Janet has been telling Margaret “Molly” Brown’s story locally and internationally over the last seven years. She is passionate about the legend of Margaret “Molly” Brown and loves to tell her story from all aspects of her life.
A Stranger To It’s Laws: LGBT People and Laws of Colorado
–David Duffield; Coordinator and Co-founder of the Colorado LGBT History Project
This presentation will look at the history of sodomy, anti-cross dressing, anti-discrimination, and finally transgender laws in Colorado from 1860 to roughly 1980. We will overview the history of struggles for LGBT people in Colorado including statutes from Denver Municipal Code from 1886 to 1974, anti-sodomy laws and trials from 1924 – 1974, and finally anti-discrimination laws from 1980.
Live and Let Live: A Chicago Alderman comes West
–Stephanie Prochaska; Assistant Archivist at the Colorado Springs Pioneers Museum
Chicago Alderman “Bathhouse” John Coughlin was not only a notorious politician, but also a poet, rancher, minor league baseball team and race horse owner, and a proprietor of a zoo. For over a decade, Bathhouse John called the Pikes Peak Region his summer home and playground. He built a zoological and amusement park on his property which entertained thousands. His time in Colorado was filled with ambition, involved a little gambling, and a drunken elephant.
The Lasting Legacy of Western Women
–Jamie Melissa Wilms; Director of Education at the Molly Brown House Museum
Western Women are often overlooked in history books or given a short paragraph of mention. This presentation will explore the women who helped to shape the west, forged a path for their future daughters, and left a lasting legacy on generations to follow. Explore the history of the strong women who helped to shape the west.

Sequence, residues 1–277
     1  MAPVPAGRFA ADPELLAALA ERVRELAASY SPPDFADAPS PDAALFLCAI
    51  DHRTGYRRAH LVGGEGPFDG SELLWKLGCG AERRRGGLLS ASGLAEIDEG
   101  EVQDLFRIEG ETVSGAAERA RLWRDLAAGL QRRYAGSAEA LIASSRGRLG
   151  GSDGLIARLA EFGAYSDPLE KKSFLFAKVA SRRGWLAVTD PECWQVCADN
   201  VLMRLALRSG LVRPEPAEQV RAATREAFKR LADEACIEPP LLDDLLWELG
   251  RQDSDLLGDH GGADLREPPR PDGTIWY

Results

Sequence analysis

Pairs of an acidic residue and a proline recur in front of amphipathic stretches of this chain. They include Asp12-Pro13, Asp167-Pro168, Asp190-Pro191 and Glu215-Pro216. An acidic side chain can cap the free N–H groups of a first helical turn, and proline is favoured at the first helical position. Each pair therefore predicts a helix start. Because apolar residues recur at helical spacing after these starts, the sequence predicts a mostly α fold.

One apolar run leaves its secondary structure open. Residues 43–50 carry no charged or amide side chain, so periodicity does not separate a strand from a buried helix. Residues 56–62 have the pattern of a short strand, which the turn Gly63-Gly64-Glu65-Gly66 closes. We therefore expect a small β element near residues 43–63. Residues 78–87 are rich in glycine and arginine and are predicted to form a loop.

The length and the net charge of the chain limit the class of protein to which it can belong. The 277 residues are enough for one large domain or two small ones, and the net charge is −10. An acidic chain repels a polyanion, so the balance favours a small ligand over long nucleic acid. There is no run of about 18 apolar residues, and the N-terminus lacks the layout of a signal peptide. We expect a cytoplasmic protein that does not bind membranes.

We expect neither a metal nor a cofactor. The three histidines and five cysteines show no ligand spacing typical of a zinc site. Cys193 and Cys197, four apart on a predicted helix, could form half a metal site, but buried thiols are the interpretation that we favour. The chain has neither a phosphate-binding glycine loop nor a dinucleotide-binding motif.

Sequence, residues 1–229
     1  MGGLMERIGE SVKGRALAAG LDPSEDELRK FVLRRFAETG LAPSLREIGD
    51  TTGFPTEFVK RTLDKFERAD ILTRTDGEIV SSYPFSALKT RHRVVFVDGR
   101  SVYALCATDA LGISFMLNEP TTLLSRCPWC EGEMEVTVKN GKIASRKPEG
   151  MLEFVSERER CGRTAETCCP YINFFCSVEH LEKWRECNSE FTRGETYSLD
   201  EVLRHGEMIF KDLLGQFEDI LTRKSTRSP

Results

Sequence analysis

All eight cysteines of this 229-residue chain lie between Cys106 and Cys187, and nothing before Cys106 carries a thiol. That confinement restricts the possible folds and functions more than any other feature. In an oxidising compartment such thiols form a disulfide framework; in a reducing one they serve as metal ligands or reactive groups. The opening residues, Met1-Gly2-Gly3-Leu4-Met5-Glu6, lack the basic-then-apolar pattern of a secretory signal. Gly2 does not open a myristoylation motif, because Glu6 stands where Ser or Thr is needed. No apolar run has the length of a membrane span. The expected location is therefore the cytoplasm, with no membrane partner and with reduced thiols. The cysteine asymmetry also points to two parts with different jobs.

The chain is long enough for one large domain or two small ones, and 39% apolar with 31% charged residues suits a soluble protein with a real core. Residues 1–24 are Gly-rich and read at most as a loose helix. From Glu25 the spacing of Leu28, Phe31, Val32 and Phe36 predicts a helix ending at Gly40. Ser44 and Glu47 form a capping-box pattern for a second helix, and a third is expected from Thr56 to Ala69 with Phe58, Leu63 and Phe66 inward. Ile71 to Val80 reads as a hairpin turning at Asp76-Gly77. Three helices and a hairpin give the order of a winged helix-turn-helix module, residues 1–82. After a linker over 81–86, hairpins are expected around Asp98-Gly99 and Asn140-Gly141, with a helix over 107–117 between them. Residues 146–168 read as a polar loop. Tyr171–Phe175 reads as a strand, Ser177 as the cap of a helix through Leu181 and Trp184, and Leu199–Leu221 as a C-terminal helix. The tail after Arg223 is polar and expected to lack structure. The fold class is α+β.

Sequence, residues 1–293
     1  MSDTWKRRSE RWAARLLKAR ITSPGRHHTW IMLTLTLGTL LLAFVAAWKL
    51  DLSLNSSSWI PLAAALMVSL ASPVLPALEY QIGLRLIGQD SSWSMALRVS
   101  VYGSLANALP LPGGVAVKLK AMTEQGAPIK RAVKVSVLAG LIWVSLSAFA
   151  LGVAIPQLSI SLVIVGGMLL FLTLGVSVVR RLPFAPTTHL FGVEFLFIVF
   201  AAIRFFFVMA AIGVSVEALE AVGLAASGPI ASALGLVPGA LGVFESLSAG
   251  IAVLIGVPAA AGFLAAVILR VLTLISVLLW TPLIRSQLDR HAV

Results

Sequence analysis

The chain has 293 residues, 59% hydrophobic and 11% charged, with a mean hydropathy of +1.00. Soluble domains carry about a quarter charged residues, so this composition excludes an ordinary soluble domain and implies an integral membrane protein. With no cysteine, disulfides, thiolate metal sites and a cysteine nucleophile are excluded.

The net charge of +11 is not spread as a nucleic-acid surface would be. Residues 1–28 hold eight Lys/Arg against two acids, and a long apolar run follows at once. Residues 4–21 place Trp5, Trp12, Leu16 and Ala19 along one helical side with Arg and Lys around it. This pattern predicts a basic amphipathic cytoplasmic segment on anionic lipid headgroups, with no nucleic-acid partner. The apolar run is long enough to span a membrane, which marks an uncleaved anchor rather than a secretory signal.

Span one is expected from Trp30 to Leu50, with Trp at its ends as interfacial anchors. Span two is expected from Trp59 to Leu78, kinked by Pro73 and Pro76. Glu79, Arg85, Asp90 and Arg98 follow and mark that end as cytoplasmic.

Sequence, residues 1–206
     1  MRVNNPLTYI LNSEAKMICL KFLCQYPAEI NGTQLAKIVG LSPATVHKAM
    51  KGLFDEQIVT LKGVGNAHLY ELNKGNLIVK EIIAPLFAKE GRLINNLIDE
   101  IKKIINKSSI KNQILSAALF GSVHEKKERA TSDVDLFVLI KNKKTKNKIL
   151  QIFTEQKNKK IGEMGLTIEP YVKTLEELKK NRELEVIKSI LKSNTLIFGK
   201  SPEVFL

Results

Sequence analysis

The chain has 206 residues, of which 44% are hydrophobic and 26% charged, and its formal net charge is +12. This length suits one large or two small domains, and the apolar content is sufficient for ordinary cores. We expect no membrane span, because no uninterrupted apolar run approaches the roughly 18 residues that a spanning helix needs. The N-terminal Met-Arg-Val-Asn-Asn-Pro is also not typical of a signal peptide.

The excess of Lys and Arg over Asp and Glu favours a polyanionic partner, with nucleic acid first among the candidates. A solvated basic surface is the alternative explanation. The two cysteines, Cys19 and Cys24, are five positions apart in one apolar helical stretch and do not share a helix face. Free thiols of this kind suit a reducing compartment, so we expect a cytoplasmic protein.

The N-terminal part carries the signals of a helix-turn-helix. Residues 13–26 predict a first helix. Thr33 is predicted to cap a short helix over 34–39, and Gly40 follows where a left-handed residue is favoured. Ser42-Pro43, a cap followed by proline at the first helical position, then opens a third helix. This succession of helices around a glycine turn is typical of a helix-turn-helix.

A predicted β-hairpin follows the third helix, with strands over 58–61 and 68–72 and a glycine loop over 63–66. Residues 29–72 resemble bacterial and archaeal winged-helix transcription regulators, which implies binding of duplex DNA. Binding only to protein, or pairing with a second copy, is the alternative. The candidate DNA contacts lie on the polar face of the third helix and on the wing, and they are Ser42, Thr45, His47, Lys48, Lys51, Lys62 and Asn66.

The Summit Springs Battle: Dispelling Myths about the Indian Wars
–George Koukeas; Freelance Writer, Researcher and Public Speaker
The so-called “Indian Wars” between the US Government and the Indians are complex. Cheyenne and Arapahoe Indians attacked frontier settlements and kidnapped Susanna Alderdice and Maria Wiechel. Buffalo Bill Cody was a leader of the Scouts for the 5th Cavalry’s rescue effort and the resulting battle. The significance of the Summit Springs Battle and lessons learned about the Indian Wars are still pertinent today as we sort out the myths about the Indian Wars.
Medallic Remembrances of World War I
–Douglas Mudd; Curator/Museum Director, ANA Money Museum
Called “The Great War” and more optimistically “The War to End All Wars,” World War I was a pivotal event that changed the world’s political map and the fabric of European civilization. More than 17 million people perished, but the consequences extended beyond casualties and physical damage. This talk will discuss the history of World War I using medals, decorations, coins and paper currency. It is based on the exhibit currently on display at the American Numismatic Association Money Museum in Colorado Springs.